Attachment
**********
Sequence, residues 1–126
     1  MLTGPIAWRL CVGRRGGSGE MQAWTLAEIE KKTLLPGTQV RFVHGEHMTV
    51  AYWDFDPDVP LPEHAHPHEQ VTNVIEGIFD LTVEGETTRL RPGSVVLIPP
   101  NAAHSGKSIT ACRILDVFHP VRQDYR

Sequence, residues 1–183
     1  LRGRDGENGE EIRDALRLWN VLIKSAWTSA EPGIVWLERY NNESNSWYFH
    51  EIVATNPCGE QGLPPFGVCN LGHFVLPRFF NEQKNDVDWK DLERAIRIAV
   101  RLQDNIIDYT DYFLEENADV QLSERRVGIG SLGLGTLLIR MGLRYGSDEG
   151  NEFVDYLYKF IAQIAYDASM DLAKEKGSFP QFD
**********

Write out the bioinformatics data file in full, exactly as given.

Sequence, residues 1–126
     1  MLTGPIAWRL CVGRRGGSGE MQAWTLAEIE KKTLLPGTQV RFVHGEHMTV
    51  AYWDFDPDVP LPEHAHPHEQ VTNVIEGIFD LTVEGETTRL RPGSVVLIPP
   101  NAAHSGKSIT ACRILDVFHP VRQDYR

Sequence, residues 1–183
     1  LRGRDGENGE EIRDALRLWN VLIKSAWTSA EPGIVWLERY NNESNSWYFH
    51  EIVATNPCGE QGLPPFGVCN LGHFVLPRFF NEQKNDVDWK DLERAIRIAV
   101  RLQDNIIDYT DYFLEENADV QLSERRVGIG SLGLGTLLIR MGLRYGSDEG
   151  NEFVDYLYKF IAQIAYDASM DLAKEKGSFP QFD